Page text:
A Guide to Changes in GCSE Grading

Introduction

From the summer of 2017, the grading of GCSE will begin to change.

This website explains the changes that are happening to GCSE grading.

There are no changes to A-level (GCE) grading.

Why the Change?

Each of the UK jurisdictions has devolved powers in regards to Education policy.

In 2013, the English government announced a reform to GCSEs and a new grading system comprising of numbers (9-1) rather than the letters (A*-G). As a result, the Northern Ireland and Welsh governments reviewed their policy on grading.

In June 2016, the then Minister for Education, Peter Weir MLA, requested the following changes to the grading of GCSEs offered by CCEA:

"the A* grade will be realigned to reflect the level of achievement on the English 9-1 scale, and;

A new grade C* will be introduced to align with the level of achievement consistent with the grade 5 on the English 9-1 scale."

To meet the Minister's requirements, CCEA will introduce a nine lettered scale (A*-G, including C*) and this will apply to qualifications taught from September 2017 and awarded in 2019.

The Welsh government chose to remain with the current eight letter grade (A*-G) model. Allowing 9-1 graded qualifications where an A*-G qualification was not available.

What is the Change?

Changes to GCSE grading in Northern Ireland will happen from the summer of 2017 to the summer of 2019.

Learners in Northern Ireland can access Letter (A*-G) and Number (9-1) graded GCSEs. Learners can access 9-1 graded qualifications from AQA, OCR, Pearson or Eduqas (a part of WJEC).

WJEC qualifications will continue to use the original A*-G grading model and will no longer be available to learners in Northern Ireland. WJEC will offer 9-1 graded qualifications through its subsidiary company, Eduqas.

Summer 2017

In summer 2017, almost all learners will receive A*-G qualifications, and will see no change in the way their GCSEs are graded.

There will be a few learners receiving 9-1 grades. These learners will have taken one of a small number of 9-1 graded GCSEs available.

Summer 2018

In summer 2018, the majority of learners will receive A*-G qualifications, and will see no change in the way their GCSEs are graded.

More 9-1 graded subjects will be introduced and more learners will receive 9-1 grades.

Summer 2019

In summer 2019, the grading will change for all CCEA GCSE qualifications. The vast majority of leaners will notice a change in the way that GCSEs are graded. The C* will appear in the grading for the first time and there will be a decrease in the number of learners achieving an A* overall.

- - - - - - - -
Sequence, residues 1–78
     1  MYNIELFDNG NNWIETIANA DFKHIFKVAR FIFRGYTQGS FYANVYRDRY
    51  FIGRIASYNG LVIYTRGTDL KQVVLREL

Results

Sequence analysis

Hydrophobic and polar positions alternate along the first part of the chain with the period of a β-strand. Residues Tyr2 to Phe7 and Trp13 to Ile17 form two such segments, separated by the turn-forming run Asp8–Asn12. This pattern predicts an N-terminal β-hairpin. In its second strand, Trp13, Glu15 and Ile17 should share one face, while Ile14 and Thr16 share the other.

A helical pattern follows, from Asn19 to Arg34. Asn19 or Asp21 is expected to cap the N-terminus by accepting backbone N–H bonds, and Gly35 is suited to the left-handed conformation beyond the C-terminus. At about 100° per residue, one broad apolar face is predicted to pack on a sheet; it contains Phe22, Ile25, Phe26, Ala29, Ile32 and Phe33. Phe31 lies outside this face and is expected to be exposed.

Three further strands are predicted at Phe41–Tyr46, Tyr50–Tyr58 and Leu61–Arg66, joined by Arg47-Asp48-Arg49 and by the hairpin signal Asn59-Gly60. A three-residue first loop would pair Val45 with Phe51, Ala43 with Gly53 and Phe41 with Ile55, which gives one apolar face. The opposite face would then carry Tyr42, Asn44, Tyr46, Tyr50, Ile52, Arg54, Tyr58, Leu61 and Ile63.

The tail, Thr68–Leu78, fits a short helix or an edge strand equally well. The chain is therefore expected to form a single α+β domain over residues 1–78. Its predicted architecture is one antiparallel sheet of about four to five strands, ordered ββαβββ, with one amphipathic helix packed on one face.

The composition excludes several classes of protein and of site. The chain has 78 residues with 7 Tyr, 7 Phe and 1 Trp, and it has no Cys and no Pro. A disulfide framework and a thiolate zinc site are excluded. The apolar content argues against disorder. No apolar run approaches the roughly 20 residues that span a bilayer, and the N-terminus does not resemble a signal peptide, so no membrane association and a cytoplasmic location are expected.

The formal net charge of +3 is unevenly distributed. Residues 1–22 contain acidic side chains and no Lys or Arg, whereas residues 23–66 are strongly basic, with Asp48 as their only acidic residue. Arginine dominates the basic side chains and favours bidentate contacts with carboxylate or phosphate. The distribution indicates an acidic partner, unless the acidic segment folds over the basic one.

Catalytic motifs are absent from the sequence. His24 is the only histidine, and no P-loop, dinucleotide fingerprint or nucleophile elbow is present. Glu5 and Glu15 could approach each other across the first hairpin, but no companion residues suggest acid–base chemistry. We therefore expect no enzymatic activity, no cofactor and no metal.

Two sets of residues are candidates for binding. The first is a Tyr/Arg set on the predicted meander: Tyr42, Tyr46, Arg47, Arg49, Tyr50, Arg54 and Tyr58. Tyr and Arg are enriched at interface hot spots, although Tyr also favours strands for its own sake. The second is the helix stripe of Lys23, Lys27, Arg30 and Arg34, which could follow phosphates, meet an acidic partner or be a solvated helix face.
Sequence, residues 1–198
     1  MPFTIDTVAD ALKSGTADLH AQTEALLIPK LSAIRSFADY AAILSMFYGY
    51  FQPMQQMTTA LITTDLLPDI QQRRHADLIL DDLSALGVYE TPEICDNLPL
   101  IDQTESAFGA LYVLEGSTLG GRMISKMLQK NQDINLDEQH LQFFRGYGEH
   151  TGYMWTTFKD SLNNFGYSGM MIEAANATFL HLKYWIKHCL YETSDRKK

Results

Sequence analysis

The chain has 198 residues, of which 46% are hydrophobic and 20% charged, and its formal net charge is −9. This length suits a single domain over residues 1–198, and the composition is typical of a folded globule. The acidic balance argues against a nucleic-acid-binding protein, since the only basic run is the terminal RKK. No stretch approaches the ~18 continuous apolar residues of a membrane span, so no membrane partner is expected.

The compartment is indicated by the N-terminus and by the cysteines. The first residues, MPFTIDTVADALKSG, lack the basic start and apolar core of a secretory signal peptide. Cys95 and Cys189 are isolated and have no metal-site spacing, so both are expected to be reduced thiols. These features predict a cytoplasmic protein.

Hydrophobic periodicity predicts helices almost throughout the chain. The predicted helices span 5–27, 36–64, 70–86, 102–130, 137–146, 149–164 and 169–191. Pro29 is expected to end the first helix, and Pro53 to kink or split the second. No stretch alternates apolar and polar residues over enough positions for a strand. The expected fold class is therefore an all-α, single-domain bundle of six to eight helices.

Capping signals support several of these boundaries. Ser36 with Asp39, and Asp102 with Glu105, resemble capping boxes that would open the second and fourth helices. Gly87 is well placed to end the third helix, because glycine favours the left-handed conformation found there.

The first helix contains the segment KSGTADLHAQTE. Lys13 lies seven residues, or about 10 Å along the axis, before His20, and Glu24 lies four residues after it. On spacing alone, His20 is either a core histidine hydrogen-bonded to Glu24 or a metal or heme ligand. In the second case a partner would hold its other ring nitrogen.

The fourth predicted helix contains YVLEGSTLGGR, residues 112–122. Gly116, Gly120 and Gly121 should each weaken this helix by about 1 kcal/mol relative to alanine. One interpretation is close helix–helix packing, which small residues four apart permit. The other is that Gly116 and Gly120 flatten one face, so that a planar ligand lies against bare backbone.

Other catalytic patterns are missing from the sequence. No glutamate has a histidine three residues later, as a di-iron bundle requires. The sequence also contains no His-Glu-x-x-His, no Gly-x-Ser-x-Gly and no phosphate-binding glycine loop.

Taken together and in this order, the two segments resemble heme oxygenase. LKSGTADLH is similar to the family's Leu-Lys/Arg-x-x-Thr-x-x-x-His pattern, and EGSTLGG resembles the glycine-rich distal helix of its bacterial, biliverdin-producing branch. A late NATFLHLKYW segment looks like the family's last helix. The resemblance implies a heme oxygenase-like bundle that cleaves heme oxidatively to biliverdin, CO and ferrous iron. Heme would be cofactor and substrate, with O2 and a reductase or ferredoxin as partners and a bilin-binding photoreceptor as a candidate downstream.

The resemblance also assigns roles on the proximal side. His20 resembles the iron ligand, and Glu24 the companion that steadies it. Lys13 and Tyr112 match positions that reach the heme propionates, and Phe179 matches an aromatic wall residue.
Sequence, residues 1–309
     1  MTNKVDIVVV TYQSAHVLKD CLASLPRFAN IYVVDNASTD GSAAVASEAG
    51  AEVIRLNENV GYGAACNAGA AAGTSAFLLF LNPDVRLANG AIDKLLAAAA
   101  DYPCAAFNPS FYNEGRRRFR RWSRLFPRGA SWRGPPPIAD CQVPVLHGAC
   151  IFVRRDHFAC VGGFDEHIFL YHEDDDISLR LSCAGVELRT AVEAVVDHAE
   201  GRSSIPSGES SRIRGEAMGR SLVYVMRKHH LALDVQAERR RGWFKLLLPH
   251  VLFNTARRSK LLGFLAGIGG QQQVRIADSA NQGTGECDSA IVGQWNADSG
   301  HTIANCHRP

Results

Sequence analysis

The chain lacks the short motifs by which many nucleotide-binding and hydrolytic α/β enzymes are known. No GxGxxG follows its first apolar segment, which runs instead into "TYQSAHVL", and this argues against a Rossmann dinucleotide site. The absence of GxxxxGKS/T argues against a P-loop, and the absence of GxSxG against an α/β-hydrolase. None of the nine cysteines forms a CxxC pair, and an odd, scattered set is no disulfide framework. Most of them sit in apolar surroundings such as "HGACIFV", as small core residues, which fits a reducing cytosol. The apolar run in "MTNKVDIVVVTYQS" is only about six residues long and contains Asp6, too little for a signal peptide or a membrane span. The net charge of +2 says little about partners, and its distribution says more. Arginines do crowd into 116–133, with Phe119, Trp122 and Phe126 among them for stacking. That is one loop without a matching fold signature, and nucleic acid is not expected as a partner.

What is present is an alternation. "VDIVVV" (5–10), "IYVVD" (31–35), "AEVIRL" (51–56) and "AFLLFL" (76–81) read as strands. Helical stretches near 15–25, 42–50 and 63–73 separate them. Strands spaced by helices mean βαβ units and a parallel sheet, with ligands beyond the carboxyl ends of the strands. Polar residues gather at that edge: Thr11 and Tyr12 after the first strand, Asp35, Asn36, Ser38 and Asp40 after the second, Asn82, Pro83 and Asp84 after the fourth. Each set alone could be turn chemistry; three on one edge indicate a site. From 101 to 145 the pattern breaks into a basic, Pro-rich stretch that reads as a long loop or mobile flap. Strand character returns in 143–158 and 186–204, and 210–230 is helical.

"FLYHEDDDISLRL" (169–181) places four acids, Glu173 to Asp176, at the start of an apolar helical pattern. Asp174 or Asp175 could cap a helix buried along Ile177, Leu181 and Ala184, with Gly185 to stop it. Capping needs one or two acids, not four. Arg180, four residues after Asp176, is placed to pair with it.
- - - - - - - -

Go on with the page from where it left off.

Almost all other GCSEs will be graded 9-1. By summer 2020, the remaining 9-1 graded subjects will be introduced.

How do you compare GCSE Grades?

New A*-G Structure
(summer 2019)

9-1 Structure (awarding phased in from 2017)

Old A*-G Structure (phased out from 2019)

A*

9

A*

 

8

 

A

7

A

B

6

B

C*

5

C

C

4

D

3

D

E

E

2

F

F

1

G

G

Grades 7, 4 and 1 will be linked to the current (A*-G) grade scale. This means that, broadly, the same proportion of candidates achieving grades 7, 4 and 1 would have achieved grades A, C and G in the current system.

When the new A*-G grading is introduced, in summer 2019, the Grade A* will be aligned with the Grade 9. In addition a Grade C* will be introduced and this will align with the Grade 5. The Grade B will align with the Grade 6.

What is the Effect?

The Grade 9 will be awarded to approximately 20% of the learners who achieve a Grade 7 or above. This will result in fewer learners achieving the new Grade 9 than the number who currently achieve an A*.

In summer 2019, when the new letter grades are awarded, the A* will be adjusted to reflect the Grade 9. This will mean that proportionally fewer learners will achieved an A* from 2019.

The introduction of the Grade C* will reduce the number of leaners achieving a Grade B. The Grade B will align with the Grade 6 in the numeric scale.

The new Letter and Numeric scales will introduce more grades at the higher end of the grading scale. This allows for greater differentiation among higher achieving students.

There will be no direct equivalent in the new Letter scale and the Grade 8. A Grade 8 falls between a grade A and A*.

The new grading scale will not affect application to University. Universities are aware of the changes being made to grading systems across the UK. They will manage these changes as they manage applications from Scotland, ROI and further afield, which all have different qualifications and grading systems.

There will be no advantage or disadvantage to taking qualifications with Letter or Number grades.